In my long career as a paralegal and in paralegal management, I have witnessed first-hand successful working dynamics between attorneys and paralegals. Another word for that dynamic is collaboration.
There are keys to creating a more successful working relationship with paralegals. This blog post will provide some tips on how to create a successful collaboration.
Some basic thoughts: Who is a successful paralegal? When I started my career as a paralegal, someone explained to me that my main job is to make the attorney’s life easier. That recommendation has remained true throughout my career. Most successful paralegals follow this advice. Successful senior paralegals also realize the positive effect of their role in litigation or transactional work and take pride in their contributions to achieving favorable outcomes for the client.
What can paralegals do to make the attorneys’ lives easier? It is simpler to discuss what we cannot do. Paralegals cannot communicate legal advice, enter into fee arrangements, or represent clients in court or depositions. After that, the world is fair game! We can organize document productions, review documents, interact with clients, and organize appellate briefs. We can cite check, fact check briefs, and conduct real-world research. We understand technology so, we can breeze through the intricacies of database structure and management. We can accompany you to court, keep track of exhibits, AND order lunch. If your supply needs are met during trial, it is likely you have a paralegal to thank. Paralegals may make travel arrangements for you and your clients. Paralegals draft motions, deposition notices, pleadings, and other documents. Paralegals arrange for process servers, e-file court documents, and calculate allocation formulas. Corporate paralegals work on mergers, acquisitions, and financings. they also prepare paperwork to form corporations, ensure their corporations remain in good standing, and assist in the dissolution of corporations. Paralegals are knowledgeable about UCCs, bankruptcy, fee petitions, and applications. IP paralegals handle trademarks and copyrights as well as regularly deal with the U.S. Patent Office. Trust and Estate paralegals administer trusts, file documents in probate court, organize estate sales, as well as prepare accountings, simple tax income, and federal estate tax returns. Some paralegal love conducting legal research, while others (like myself) find it deathly boring. Some paralegal careers morph into administrative and management work for a law firm, corporation, or other entity.
As you can see, a paralegal is a jack of all trades in the legal world. And I am sure I have forgotten a wide range of tasks paralegals undertake on a regular basis!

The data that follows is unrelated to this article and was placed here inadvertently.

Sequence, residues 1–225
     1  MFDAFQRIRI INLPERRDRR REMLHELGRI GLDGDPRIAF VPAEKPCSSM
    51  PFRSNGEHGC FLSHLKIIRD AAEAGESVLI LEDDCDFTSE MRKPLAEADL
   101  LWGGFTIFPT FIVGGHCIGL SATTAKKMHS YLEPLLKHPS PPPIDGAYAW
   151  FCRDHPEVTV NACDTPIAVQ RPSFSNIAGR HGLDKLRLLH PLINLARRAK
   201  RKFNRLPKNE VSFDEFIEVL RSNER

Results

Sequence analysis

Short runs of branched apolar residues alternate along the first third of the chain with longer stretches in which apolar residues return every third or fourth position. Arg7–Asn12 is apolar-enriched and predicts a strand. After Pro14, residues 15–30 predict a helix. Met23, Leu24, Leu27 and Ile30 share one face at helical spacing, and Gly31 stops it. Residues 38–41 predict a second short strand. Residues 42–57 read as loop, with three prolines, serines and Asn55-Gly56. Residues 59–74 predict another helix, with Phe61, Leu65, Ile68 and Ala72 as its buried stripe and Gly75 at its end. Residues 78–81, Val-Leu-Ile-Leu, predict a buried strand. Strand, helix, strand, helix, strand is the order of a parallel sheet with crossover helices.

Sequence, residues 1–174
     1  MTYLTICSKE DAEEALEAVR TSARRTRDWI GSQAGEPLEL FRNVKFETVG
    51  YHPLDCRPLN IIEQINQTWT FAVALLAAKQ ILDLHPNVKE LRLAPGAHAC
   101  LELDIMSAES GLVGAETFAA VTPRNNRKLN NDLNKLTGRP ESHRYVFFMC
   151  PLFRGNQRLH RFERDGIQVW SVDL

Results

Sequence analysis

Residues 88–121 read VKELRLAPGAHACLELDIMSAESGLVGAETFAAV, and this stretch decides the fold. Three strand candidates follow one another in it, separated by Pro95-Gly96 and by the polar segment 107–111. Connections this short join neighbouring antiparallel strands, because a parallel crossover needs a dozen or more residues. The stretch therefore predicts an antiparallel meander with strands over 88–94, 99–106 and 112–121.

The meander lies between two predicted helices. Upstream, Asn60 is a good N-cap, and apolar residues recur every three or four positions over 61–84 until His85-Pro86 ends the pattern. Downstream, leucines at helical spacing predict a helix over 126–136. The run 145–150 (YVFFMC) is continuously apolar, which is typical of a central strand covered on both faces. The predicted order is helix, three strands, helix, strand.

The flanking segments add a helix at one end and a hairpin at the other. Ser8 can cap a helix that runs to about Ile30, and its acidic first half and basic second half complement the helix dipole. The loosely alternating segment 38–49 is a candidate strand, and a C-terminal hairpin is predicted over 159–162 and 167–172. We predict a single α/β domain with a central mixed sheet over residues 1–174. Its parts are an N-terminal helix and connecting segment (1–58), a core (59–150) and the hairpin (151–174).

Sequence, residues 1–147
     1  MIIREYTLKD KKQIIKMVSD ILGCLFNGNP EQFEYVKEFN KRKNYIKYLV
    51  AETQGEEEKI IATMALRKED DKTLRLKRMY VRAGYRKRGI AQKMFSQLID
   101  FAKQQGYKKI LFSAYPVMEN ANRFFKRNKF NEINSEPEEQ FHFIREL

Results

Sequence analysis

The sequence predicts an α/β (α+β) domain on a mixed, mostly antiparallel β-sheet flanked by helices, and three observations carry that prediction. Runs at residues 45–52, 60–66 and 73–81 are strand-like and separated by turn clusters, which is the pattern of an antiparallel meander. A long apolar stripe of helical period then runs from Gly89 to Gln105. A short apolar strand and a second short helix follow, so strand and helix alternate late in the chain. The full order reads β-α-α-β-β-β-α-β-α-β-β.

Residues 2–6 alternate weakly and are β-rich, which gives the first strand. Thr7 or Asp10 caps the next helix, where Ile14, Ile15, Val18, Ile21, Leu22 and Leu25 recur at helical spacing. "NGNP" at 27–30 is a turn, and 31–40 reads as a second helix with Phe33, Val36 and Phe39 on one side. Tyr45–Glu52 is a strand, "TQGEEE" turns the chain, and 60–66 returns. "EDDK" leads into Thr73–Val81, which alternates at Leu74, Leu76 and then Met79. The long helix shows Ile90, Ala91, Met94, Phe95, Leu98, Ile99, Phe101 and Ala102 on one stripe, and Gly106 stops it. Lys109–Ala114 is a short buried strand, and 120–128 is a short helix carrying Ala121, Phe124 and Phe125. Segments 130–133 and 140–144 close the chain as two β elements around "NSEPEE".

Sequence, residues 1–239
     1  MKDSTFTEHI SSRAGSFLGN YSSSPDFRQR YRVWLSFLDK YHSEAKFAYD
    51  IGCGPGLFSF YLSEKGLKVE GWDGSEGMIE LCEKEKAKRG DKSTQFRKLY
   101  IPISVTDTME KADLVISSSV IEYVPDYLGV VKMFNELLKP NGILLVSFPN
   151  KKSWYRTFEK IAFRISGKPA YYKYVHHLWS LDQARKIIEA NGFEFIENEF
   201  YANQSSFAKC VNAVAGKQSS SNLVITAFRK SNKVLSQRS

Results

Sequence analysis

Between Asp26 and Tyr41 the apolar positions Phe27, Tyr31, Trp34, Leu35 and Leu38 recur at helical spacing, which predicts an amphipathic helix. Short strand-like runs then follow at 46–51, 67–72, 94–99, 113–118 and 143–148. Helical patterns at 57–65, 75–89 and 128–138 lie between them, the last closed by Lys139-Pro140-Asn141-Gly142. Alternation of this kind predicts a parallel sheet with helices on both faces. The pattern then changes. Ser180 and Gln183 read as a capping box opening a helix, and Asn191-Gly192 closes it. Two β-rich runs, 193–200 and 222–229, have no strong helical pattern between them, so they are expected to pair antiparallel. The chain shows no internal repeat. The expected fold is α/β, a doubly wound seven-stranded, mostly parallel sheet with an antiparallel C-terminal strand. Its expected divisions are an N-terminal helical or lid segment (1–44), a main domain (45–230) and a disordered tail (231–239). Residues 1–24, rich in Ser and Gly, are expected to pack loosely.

How effective paralegals come to be: Most paralegals complete a formal paralegal education program where they learn not only about the law but also how to do things in the legal field. It is an exceedingly practical education. They learn to cite check, write memos, as well as master the basics of the litigation process, real estate and corporation closings, probate, IP, and corporate legal practice. They learn administrative law and its impact on commercial life. Upon graduation, they find their first legal job and are ready to conquer the world.
Of course, dealing with senior, experienced paralegals is vastly different from managing paralegals fresh in their career. Training and mentoring junior personnel are musts. If your business employs several paralegals, these paralegals or paralegal management may coach the new hires. If yours is a smaller office, training may fall on your shoulders. If you consider the new paralegal as a potentially effective employee, I strongly urge you to spend the time, energy, and capital on proper training. In my own career, it was the associates who trained me. They explained how they wanted the work done and taught me about specific areas of environmental law, such as Superfund, RCRA, as well as the Clean Water and Clean Air Acts. Their instruction was invaluable. The time and effort spent on early training and mentoring cannot be overstated. Both the paralegals and the attorneys will reap the benefits for years to come.
Look at it as akin to how you mentor and train a new associate. You put in the effort and realize a valuable, contributing member of your legal team. The same is true for your paralegals.
What works best to effectively train and mentor paralegals? First of all, involve your new paralegals as soon as possible; the more they know about what you do, the more they understand it, the more helpful they can be. With a solid foundation of knowledge, they are more likely to see the smoking gun if one exists. Paralegals thrive on understanding their cases; they flourish on knowledge and responsibility. We became paralegals because we are interested in the law, the legal process, and service to clients. Attorneys can leverage these strengths to benefit their practice. Paralegals who only do one-off tasks often lose motivation and interest. We want to know how our work fits into the big picture. Let us feel we are contributing! We want to know that the attorney’s success is our success. Copy your paralegals on all case emails, involve them in status meetings whenever possible and of course, answer their questions. As you successfully work with a paralegal, you may experience a real meeting of the minds. A good paralegal becomes a great by repeatedly working with same attorneys or teams. You will develop mutual respect and knowledge. Before you know it, your paralegal appears to become a mind-reader, anticipating the documents you need, the meetings you must schedule, and the exhibits to hand you at trial.